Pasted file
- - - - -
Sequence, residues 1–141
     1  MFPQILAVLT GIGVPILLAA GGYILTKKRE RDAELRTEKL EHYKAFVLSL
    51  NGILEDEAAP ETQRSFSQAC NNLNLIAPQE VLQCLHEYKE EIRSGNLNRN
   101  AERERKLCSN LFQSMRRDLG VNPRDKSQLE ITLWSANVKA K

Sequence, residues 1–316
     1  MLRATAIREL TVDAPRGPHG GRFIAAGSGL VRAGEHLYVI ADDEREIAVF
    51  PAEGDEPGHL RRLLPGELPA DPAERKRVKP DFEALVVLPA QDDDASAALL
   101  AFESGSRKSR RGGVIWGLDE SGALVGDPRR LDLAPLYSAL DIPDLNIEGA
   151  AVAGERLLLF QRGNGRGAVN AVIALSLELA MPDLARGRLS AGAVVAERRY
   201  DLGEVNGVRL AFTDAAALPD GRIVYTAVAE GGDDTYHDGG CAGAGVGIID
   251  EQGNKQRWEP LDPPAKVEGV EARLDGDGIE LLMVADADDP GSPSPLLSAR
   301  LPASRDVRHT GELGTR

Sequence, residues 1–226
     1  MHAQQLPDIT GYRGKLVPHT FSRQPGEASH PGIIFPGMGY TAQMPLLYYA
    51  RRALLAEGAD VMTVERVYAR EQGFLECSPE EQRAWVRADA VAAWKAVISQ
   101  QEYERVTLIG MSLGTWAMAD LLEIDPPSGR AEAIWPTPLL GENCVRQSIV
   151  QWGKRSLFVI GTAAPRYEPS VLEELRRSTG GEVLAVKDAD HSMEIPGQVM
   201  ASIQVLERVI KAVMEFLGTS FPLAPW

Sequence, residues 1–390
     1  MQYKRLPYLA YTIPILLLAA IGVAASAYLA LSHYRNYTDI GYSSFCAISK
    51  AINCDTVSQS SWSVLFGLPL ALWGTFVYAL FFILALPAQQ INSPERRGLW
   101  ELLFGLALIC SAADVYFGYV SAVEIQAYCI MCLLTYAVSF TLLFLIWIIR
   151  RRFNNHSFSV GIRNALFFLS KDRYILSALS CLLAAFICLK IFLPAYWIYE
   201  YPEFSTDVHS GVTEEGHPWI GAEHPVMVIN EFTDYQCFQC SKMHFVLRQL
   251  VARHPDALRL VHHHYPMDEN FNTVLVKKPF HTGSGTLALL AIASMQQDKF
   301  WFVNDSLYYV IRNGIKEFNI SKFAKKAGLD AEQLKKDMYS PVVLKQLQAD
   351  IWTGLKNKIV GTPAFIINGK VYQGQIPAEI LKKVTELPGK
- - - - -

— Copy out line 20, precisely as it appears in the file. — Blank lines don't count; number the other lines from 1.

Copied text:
     1  MQYKRLPYLA YTIPILLLAA IGVAASAYLA LSHYRNYTDI GYSSFCAISK